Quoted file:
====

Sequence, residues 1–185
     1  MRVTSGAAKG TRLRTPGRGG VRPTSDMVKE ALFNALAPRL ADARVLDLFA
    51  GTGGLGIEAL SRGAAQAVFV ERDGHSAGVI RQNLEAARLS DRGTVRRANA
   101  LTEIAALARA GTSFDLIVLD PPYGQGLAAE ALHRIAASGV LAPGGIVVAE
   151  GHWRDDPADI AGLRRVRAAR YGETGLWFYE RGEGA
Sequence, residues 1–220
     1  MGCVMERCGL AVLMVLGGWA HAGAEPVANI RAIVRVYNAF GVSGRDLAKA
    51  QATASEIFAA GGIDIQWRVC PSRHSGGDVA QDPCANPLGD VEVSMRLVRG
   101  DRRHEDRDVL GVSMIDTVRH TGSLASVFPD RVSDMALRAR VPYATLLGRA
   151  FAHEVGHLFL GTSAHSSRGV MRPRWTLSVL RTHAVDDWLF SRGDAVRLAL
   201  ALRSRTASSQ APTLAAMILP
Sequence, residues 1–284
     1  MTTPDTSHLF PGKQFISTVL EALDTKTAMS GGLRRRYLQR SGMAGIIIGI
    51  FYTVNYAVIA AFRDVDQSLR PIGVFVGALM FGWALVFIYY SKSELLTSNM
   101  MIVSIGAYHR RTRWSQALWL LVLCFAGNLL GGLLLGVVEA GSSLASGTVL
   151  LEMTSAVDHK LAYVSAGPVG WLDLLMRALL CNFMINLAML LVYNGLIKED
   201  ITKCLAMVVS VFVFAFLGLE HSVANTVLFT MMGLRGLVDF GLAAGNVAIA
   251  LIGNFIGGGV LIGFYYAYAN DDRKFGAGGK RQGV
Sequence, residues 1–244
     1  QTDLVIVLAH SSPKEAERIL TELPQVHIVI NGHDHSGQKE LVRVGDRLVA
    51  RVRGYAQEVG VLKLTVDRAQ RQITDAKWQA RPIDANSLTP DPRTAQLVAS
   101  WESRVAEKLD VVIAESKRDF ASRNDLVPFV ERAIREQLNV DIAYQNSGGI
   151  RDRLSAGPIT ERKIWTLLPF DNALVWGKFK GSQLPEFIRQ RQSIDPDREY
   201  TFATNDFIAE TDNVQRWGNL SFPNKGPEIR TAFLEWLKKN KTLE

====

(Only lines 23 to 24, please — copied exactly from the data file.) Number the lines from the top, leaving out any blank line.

   151  RDRLSAGPIT ERKIWTLLPF DNALVWGKFK GSQLPEFIRQ RQSIDPDREY
   201  TFATNDFIAE TDNVQRWGNL SFPNKGPEIR TAFLEWLKKN KTLE